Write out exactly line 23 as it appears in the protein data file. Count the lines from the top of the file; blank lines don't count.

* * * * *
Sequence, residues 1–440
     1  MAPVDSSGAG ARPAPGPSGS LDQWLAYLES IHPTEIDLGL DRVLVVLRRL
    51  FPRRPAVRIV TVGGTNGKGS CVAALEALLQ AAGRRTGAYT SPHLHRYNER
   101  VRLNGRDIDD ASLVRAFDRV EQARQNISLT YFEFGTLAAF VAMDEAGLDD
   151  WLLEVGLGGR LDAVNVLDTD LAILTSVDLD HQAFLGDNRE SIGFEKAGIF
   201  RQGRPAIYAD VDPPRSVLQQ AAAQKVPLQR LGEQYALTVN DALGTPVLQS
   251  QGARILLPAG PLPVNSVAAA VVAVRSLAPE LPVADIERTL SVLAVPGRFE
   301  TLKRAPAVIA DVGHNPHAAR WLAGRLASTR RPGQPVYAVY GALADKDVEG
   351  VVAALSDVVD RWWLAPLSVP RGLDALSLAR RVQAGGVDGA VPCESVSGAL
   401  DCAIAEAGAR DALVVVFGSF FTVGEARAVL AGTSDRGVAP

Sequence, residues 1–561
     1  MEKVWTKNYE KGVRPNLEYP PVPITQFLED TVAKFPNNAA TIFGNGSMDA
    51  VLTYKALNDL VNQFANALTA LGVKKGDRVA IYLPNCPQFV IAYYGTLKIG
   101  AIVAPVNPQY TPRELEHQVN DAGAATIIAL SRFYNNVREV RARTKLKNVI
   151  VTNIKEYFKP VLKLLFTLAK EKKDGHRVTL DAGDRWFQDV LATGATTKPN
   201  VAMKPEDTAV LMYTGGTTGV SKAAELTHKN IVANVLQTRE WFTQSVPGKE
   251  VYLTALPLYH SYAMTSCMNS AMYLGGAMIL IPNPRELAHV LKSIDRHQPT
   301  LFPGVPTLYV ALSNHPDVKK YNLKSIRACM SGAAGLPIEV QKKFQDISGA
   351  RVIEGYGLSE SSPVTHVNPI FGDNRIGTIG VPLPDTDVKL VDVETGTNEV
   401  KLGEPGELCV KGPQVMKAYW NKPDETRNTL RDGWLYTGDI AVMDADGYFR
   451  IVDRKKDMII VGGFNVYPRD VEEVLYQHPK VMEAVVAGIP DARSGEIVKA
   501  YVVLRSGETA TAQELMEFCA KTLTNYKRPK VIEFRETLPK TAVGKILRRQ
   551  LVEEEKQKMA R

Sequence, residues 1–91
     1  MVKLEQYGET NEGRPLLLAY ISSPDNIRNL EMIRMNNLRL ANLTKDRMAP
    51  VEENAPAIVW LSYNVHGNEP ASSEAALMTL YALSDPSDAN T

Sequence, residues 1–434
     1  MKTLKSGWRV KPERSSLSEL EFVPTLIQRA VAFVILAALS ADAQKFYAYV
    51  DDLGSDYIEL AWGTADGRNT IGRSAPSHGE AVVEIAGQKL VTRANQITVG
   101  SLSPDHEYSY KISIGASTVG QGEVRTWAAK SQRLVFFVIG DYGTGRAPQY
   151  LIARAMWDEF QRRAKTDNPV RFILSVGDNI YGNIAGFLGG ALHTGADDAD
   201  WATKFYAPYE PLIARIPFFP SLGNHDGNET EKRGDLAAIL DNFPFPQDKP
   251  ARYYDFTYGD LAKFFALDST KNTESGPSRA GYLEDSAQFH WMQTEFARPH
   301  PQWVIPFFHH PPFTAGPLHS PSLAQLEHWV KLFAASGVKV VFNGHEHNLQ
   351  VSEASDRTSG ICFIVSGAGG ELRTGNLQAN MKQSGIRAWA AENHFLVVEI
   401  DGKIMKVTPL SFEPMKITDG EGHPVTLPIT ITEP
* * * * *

   551  LVEEEKQKMA R